When Miss Louie died in October, 1939, the Athens Banner-Herald called her "the Jane Addams of Athens, who devoted her life to a career of unselfish service to humankind."  She was called "unassuming, understanding, generous, intelligent, and loving" and the paper noted that "she could hardly help being held up by others as a shining example of the things she strived so hard to inculcate in all with him she was associated."  Among her pall bearers were some of her students from the East Athens Night School's first few years. She is buried in an unmarked grave with her family at Oconee Hill Cemetery.

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Monday, July 4, 2011

4 July 1911: "College on Wheels"

On this day in 1911, the Athens Banner ran the following editorial about the recent railroad tour of the state made by the State College of Agriculture, which at the time was still a separate institution from the University of Georgia:

 (click to enlarge image)

In 1911, the train from the State College of Agriculture visited 154 towns in 120 counties in 47 days. The train carried a passenger car for the educators and staff, livestock cars, and cars with modern farming machinery, with a center flat car that served as a stage. At each stop, the flat car was used for speeches promoting proven practices in farming methods, demonstrate the farming machinery, and exhibit the livestock. The train would stop overnight, with those on board eating at local restaurants and staying in local hotels near the railroad station, a boost to Georgia businesses outside agriculture.

These tours of extension education to improve agricultural outputs in Georgia began in 1908 and lasted until 1917. Extension work was highly promoted by College President Andrew M. Soule, and were immediately popular. Their first tour in 1908 brought out only about 150,000 people, but had ballooned quickly to "nearly four hundred thousand people" within just a few years. Dr. Soule believed that the State College of Agriculture was truly "the college with the state for its campus." 

Other outreach work included welcoming Georgia farmers to the campus farm and other cooperating farms for "field days" where they could demonstrate results of pasture development, winter grazing and foraging crops for livestock, and the effects of different practices on crop and livestock production. One of the earliest successful outreach campaigns was conducted with the Veterinary School to introduce the widespread vaccination of hogs to protect that industry from a devastating strain of cholera.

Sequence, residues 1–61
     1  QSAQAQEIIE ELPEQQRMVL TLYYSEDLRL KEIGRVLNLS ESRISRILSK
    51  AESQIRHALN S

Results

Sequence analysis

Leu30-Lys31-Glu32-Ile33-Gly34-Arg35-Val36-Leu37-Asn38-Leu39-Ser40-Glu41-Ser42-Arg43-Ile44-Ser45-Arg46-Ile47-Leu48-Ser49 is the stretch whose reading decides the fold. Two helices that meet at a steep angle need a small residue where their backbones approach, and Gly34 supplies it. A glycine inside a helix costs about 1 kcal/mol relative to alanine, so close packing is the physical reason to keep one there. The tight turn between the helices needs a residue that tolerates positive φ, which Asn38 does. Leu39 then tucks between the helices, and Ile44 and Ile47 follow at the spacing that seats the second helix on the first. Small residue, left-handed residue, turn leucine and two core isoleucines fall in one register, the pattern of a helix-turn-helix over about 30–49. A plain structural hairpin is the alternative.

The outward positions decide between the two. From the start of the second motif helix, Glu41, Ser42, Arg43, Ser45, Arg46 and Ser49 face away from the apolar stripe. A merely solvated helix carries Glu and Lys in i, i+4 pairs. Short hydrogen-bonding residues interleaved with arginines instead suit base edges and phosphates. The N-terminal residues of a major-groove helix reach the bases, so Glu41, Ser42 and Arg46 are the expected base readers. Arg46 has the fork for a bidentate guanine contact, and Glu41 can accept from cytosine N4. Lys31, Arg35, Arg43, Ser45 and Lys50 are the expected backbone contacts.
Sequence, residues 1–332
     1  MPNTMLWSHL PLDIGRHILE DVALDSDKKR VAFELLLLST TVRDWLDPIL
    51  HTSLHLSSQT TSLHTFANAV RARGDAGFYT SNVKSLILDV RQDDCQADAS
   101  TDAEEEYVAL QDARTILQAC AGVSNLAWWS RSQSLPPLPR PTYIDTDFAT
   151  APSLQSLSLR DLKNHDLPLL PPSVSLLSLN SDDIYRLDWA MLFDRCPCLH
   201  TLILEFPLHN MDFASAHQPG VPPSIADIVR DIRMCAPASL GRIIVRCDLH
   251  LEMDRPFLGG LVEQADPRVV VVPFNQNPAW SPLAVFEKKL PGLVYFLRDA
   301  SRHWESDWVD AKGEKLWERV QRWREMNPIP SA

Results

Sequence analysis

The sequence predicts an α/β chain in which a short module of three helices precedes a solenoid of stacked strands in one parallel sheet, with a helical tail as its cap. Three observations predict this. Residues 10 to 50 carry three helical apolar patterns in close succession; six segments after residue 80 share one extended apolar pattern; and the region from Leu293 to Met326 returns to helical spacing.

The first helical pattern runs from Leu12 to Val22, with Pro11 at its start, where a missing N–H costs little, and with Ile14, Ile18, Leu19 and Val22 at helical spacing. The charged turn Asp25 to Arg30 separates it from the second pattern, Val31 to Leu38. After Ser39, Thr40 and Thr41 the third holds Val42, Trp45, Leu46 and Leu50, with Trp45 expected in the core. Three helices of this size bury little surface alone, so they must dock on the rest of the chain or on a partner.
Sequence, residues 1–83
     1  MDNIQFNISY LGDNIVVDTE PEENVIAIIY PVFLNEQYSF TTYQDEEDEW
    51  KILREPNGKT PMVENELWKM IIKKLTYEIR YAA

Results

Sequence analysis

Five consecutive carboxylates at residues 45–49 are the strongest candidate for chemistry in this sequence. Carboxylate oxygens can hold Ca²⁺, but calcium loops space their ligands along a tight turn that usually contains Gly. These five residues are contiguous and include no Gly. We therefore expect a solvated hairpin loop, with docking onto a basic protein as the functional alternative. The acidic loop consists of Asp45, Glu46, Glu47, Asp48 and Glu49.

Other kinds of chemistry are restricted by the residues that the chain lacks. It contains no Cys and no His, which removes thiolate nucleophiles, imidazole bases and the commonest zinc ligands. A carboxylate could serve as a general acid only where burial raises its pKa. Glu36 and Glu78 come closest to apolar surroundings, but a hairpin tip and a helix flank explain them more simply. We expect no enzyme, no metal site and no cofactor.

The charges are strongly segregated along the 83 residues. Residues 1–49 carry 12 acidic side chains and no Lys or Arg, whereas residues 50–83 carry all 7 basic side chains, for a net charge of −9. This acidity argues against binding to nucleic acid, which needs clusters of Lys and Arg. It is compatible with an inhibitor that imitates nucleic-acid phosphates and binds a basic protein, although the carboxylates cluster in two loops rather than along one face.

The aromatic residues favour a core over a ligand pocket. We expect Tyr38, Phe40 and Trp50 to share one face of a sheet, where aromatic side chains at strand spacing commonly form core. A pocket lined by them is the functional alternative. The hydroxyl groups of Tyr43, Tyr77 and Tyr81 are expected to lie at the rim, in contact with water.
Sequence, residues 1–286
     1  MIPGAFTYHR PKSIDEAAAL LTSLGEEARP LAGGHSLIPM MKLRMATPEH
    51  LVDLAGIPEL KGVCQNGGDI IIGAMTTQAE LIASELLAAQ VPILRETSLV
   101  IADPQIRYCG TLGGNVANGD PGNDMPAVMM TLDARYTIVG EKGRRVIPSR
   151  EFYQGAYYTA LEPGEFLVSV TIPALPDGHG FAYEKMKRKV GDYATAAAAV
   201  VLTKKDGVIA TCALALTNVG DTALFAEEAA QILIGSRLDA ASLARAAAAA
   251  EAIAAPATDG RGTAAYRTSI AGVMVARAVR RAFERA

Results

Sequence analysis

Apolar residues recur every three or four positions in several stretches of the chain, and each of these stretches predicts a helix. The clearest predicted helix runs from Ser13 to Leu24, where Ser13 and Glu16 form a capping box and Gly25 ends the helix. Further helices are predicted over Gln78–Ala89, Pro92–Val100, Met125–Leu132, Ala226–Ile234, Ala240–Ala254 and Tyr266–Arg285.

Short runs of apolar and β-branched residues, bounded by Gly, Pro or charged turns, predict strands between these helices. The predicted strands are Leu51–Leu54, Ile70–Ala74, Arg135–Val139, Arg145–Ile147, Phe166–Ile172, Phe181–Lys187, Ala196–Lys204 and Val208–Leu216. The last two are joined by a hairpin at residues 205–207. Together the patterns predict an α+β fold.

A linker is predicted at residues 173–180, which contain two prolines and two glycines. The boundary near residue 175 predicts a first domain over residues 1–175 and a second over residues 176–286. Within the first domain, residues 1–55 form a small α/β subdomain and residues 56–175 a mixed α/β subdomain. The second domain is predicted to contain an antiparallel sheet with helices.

Formal offices for Agricultural Extension Services were not created until 1914. In later years, working at first with the Georgia Federation of Women's Clubs, the College's extension work expanded to other areas, with demonstrations of fireless stoves and iceless refrigerator, and the effectiveness of screening the home to prevent disease from insects. Later, new female Home Economics graduates from the College of Agriculture would hold community meetings to discuss health and nutrition, parenting techniques and child training, canning and pickling for food preservation, art, and physical education. 

The Agriculture College also helped set up "corn clubs" for boys around Georgia, a forerunner to the current 4-H Clubs. Within just a few years, the average per acre yield of corn by the boys' Georgia corn clubs was three times higher than the average per acre yield for the rest of the state.

The result of this groundwork in Georgia agriculture over the past century is Georgia's strong industry today: one-third of the state's land is used for farming, and sales of agricultural products earn nearly $7 billion. Despite ranking #28 in the United States for number of acres devoted to farmland, Georgia is the #1 producer of broilers (chickens), peanuts, and pecans; #2 in cotton, cotton seed, cucumbers, spring onions, rye, and snap beans; #3 in cantaloupes, bell peppers, sweet corn, and watermelon; and #4 in blueberries, peaches, and squash.

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Saturday, July 2, 2011

2 July 1919: Two "Prancing" Mules for Athens

On this day in 1919, the Athens Banner included this bit of good news for the city:

Though mechanical street sweepers had been invented in 1911, the horse or mule-drawn sweepers were a more economical option in the South, where mules were still a primary part of the area's agricultural life.  Not only were mules part of everyday life in Athens, but the city's first street cars in 1885 had been pulled by mules.

Mules continue to be popular today. The Georgia Old Time Plow Club is a non-profit organization that exhibits mules, horses, and oxen pulling loaded wagons, plowing fields, and even baling hay to show how farm work used to be accomplished in Georgia. Their animals are often featured at area Mule Days: the third Saturday each May at Shields-Ethridge Heritage Farm in Jefferson, Georgia; and the second Saturday each October at Callaway Plantation in Washington, Georgia.